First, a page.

Google Chrome Web Store to Launch in October

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The Chrome Web Store, first announced at Google I/O, is set for launch in October 2010. It’s being referred to as the “App Store” throughout the web and comparisons with Apple’s systems are inevitable.

The Web Store has two primary goals:

1. Make it easy to find web applications
According to Google, web application discovery is difficult.

During I/O, they cited a chess game example: there are thousands of online versions of chess, but locating a good peer-reviewed game is difficult (should Google search take the blame?!) Finding a good-quality chess game for a mobile device is considerably easier.

I’m not totally convinced by the example — it’s easier on a mobile because there are fewer games available. However, application discovery becomes more logical when you consider the release of the Google Chrome Operating System. The OS is essentially a fast-starting web browser and users will be able to view a categorized list of applications (think package managers in most Linux distros).

2. Monetization
Making money on the web isn’t always easy for legitimate traders selling content or software. The Web Store will make it simple to list products and have Google manage the ugly payment processing details. It will support:

  1. free applications
  2. single payments
  3. monthly or yearly subscriptions
  4. free trials, and
  5. custom payment solutions

There’s a full licensing API and the fees appear reasonable when compared to Apple or other payment gateways. Following a one-time sign-up fee of $5, Google will take a (rumored) 5% cut of revenue.

What can you sell?

Google suggests a number of appropriate products for the Web Store:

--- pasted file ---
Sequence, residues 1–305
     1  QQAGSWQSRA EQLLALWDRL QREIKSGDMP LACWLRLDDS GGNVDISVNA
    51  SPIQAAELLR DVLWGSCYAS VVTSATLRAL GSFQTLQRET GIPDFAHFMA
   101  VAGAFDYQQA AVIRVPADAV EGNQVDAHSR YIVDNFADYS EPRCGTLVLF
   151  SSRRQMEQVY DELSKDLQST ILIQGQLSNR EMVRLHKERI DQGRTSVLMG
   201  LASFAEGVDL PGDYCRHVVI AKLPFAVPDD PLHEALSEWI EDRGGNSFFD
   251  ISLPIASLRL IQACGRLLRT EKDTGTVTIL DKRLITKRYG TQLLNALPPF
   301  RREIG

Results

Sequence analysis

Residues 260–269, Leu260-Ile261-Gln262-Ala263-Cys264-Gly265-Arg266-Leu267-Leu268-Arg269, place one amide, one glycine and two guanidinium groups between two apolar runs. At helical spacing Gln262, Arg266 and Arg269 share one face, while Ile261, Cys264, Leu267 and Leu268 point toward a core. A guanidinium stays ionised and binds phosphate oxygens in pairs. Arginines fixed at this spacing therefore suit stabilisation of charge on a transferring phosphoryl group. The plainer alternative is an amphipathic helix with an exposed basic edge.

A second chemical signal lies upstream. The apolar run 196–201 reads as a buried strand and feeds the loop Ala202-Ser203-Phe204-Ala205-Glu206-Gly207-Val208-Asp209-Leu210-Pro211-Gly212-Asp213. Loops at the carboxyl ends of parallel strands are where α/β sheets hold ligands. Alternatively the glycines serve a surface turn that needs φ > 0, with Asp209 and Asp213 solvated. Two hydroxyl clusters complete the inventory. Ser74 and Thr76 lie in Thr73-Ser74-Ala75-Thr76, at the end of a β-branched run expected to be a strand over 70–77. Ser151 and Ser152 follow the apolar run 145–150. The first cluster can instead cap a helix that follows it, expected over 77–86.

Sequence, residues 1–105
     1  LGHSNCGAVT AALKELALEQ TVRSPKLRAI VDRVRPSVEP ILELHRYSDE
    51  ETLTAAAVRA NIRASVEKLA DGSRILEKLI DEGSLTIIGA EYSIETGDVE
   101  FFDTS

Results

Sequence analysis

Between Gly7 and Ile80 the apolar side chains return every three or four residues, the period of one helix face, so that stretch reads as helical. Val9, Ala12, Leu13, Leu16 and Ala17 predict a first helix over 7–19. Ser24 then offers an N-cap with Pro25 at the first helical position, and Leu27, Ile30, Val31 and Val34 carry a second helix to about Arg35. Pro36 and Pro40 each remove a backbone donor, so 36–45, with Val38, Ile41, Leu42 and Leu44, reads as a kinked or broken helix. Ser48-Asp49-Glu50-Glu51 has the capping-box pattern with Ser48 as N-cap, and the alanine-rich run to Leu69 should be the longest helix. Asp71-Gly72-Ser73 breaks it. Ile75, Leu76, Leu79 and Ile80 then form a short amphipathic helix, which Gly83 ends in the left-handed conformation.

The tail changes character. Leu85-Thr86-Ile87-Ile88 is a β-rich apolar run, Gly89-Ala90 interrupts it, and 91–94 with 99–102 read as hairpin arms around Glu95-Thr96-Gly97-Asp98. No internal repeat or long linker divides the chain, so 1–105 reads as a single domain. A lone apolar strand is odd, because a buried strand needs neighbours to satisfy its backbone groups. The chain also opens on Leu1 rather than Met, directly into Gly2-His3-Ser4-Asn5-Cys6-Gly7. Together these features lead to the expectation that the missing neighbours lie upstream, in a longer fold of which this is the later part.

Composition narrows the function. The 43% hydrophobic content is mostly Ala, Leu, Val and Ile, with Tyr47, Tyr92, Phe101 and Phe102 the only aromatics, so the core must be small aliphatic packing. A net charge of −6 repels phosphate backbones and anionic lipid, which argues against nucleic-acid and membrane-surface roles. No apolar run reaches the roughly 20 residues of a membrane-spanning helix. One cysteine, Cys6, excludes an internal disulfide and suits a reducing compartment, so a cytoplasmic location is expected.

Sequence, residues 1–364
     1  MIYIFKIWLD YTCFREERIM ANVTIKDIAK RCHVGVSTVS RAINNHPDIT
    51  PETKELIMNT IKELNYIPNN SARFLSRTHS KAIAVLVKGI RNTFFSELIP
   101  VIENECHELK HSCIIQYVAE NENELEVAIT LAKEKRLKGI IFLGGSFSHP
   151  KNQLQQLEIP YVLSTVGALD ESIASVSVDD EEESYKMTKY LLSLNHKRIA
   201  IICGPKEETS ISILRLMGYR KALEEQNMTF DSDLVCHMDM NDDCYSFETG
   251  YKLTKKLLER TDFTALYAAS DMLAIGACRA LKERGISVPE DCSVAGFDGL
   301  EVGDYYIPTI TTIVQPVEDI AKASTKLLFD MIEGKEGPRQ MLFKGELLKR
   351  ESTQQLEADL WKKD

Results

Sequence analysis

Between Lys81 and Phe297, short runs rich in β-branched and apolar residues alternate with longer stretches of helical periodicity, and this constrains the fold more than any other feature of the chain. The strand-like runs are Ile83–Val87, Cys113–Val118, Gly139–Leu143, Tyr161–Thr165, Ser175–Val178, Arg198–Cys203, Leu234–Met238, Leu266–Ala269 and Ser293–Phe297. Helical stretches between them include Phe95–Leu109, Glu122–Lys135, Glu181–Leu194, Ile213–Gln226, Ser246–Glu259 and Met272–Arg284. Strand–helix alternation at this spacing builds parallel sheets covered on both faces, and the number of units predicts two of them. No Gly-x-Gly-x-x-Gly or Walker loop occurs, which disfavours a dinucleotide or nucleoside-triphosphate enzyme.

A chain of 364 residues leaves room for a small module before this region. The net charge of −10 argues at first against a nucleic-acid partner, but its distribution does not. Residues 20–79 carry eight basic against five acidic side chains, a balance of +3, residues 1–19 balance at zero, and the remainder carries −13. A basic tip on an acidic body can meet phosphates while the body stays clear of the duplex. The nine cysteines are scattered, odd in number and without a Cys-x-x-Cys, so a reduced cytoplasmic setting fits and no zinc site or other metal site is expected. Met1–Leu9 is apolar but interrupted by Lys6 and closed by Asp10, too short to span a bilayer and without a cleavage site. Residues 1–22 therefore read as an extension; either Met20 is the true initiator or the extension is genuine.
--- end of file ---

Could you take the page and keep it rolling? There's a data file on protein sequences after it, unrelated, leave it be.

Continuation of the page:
• Chrome themes and extensions
    I’m not sure many people would pay for a few fancy graphics or a widget that’s free elsewhere. However, the model works in the smartphone market and Chrome OS is likely to appear on tablet PCs and other mobile devices.
  • Packaged apps
    Downloadable offline applications are viable and, in future, the Google Native Client (NaCl) will allow fast 32-bit x86 code to run directly in the browser. Fast action games are feasible.
  • Installable web apps
    With a little effort, a web application can be installed as a Chrome application.

This last option will excite many web developers. Any web application can be made installable by creating a JSON-encoded .crx manifest file which describes it’s function, the URL and icon files. After installation, the application icon appears on Chrome’s ‘new tab’ page and opens its own icon-only tab window. There are a couple of additional benefits:

  • The application’s window will not have browser navigation controls.
  • The user’s preferences are saved, e.g. they are only asked once for permission to use features such as geolocation and offline storage.

The Chrome Web Store sounds interesting and the possibility of monetary gains could make it a success. For more information, refer to:

Craig BucklerCraig Buckler
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Craig is a freelance UK web consultant who built his first page for IE2.0 in 1995. Since that time he's been advocating standards, accessibility, and best-practice HTML5 techniques. He's created enterprise specifications, websites and online applications for companies and organisations including the UK Parliament, the European Parliament, the Department of Energy & Climate Change, Microsoft, and more. He's written more than 1,000 articles for SitePoint and you can find him @craigbuckler.

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